Rail fastening system replaced on train tracks in Gorge

The curved track now contains a fastening system that includes spikes instead of lag bolts

Trains run just feet from the oil cleanup site in Mosier, June 5, 2016. (KOIN)

PORTLAND, Ore. (KOIN) — Union Pacific has finished replacing the rail fastening system on 8 miles of curved railroad tracks in the Columbia River Gorge, the company announced on Thursday.

The curved track now contains a fastening system that includes spikes instead of lag bolts. This will enhance defect detectability during inspections.

“We have a clear focus – to safely operate our trains and protect our communities,” said Wes Lujan, Union Pacific vice president – public affairs, Western Region. “The fastening system replacement reinforces our commitment to rail safety in the Gorge as we strive to improve upon our 99.98 percent hazardous materials safety record and achieve our goal of zero incidents.”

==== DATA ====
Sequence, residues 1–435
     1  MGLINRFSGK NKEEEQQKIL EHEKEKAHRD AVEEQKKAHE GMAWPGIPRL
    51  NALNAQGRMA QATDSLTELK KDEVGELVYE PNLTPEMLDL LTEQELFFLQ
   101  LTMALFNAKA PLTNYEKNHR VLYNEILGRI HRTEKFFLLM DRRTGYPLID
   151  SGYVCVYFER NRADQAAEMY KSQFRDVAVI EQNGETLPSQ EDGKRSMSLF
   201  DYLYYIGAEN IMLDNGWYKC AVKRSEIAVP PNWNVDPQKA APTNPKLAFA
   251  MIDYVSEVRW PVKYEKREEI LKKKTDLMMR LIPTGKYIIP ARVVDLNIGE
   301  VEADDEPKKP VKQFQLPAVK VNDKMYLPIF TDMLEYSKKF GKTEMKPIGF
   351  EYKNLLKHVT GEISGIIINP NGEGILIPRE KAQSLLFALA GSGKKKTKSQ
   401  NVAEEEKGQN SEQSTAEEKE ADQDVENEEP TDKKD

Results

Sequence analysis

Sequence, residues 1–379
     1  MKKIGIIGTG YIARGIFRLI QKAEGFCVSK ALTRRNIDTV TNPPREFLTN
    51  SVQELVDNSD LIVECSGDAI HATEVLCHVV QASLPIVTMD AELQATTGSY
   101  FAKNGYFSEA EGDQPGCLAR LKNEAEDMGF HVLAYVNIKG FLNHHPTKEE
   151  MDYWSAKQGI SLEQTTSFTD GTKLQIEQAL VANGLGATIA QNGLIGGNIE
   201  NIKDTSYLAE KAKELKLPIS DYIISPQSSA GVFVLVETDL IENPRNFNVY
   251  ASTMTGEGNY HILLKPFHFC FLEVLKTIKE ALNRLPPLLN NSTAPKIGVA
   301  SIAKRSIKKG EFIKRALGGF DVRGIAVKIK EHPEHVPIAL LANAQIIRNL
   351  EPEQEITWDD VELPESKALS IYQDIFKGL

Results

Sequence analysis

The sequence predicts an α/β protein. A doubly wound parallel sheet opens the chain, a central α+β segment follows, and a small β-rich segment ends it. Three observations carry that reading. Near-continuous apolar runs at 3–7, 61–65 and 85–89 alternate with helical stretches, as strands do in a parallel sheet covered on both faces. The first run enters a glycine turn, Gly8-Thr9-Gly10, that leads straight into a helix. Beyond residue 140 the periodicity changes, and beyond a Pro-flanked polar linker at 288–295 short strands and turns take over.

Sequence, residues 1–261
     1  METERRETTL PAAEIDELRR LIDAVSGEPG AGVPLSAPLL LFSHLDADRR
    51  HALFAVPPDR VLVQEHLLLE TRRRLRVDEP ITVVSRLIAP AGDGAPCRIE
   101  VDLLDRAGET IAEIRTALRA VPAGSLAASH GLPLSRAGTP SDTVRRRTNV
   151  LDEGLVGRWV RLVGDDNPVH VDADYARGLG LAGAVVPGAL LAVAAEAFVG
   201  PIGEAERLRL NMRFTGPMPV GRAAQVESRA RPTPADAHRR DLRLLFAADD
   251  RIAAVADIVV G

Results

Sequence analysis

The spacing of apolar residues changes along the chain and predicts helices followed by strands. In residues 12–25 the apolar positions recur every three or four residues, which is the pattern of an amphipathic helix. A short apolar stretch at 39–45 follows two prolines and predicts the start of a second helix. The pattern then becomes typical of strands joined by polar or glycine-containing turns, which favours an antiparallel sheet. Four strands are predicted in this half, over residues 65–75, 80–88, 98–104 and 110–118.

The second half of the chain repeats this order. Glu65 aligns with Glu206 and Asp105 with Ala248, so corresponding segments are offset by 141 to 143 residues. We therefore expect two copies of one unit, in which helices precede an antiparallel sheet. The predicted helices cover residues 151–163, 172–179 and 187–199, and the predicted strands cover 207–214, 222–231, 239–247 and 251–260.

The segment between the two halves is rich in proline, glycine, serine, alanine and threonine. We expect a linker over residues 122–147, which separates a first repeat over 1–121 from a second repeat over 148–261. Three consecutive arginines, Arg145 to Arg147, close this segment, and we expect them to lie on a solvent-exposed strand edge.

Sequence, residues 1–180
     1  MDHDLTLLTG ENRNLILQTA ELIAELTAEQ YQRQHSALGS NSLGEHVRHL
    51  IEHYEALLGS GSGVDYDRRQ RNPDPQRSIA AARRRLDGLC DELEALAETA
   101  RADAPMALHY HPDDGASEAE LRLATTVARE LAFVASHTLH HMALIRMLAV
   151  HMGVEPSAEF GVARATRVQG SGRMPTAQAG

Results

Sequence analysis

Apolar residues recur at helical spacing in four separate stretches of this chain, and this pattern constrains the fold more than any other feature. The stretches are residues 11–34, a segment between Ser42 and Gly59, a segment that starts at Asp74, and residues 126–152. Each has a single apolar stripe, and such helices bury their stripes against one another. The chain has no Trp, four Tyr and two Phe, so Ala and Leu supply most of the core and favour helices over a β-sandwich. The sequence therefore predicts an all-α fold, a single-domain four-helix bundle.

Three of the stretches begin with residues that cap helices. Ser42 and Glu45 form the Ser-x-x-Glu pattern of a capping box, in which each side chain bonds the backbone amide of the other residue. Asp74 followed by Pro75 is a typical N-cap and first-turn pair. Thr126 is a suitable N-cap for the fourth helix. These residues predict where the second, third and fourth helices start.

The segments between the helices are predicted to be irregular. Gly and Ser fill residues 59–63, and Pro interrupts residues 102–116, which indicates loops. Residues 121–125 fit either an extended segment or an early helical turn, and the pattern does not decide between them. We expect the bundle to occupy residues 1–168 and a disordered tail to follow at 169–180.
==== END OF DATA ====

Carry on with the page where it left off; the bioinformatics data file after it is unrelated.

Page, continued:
In Oregon, Union Pacific said it has reduced reportable derailments by 58 percent from 2000 to 2015.

This comes after a train towing a highly volatile type of oil derailed in the Gorge in June. A total of 11 cars detailed, and several caught fire, releasing oil alongside tracks that parallel the Columbia River near Mosier.